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J Food Prot. 2010 Jul;73(7):1339-43.

Significance of sample weight and enrichment ratio on the isolation of naturally occurring Campylobacter spp. in commercial retail broiler meat.

Author information

1
Department of Biological Sciences, Alabama State University, Montgomery, Alabama 36101, USA. ooyarzabal@alasu.edu

Abstract

The goal of these experiments was to evaluate the efficacy of different meat to broth ratios for the isolation of Campylobacter spp. from retail broiler chicken meat. The evaluation included 25 g of meat enriched in 100 ml of Bolton broth (1:4 ratio, subsample A), 50 g in 200 ml (1:4, subsample B), 100 g in 300 ml (1:3, subsample C), and 150 g in 300 ml (1:2, subsample D). For 29 samples, another subsample (E) was evaluated at a 1:9 ratio. The results from 110 samples revealed no differences (P > 0.05) among subsamples (A through D) for the detection of Campylobacter-positive samples. By adding the results from subsamples A and B, the number of Campylobacter-positive samples was higher (P < 0.05) than that found based on results of subsamples A or B alone. However, the addition of the results from subsamples C and D increased the number of positive samples detected by only three. Subsamples C and D were the most contaminated, and contamination for subsamples A and B depended more on the original contamination of the meat than on the enrichment ratio. The mixing of the meat resulted in detection of more Campylobacter-positive samples than were found when the samples were not mixed before the subsamples were collected. No differences were found in the number of positive samples detected among subsamples A, B, C, or D based on product type. These results suggest that the linear extrapolation of positive results may not be appropriate for predicting the presence of Campylobacter spp. and that a 1:4 enrichment ratio with 25 g of meat is the most practical approach for the isolation of Campylobacter spp. from retail broiler meat.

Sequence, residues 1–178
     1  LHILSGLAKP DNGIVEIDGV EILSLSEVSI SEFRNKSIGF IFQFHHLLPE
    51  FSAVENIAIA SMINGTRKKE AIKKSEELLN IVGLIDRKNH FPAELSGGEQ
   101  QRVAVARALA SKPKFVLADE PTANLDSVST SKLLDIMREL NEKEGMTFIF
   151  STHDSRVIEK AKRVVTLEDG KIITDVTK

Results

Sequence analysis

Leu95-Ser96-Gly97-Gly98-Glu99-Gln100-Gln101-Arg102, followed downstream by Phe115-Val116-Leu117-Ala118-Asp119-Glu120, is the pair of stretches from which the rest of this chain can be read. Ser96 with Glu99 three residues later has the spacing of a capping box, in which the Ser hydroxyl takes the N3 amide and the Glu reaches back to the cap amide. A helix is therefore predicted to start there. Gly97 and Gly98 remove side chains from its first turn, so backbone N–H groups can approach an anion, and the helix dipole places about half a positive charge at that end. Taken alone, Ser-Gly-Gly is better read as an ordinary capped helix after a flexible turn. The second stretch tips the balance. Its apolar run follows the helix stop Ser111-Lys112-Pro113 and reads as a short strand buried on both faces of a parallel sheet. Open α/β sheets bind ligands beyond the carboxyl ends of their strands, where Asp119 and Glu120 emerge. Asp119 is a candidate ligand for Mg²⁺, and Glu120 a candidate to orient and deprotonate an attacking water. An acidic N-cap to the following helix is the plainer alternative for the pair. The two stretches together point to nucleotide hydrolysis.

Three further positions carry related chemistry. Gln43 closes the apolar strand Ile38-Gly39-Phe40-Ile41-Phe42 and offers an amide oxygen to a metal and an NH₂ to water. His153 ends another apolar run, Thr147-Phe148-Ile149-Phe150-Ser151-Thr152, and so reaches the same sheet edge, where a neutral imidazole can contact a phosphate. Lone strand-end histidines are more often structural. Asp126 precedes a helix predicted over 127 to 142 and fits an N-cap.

PMID:
20615350
[Indexed for MEDLINE]

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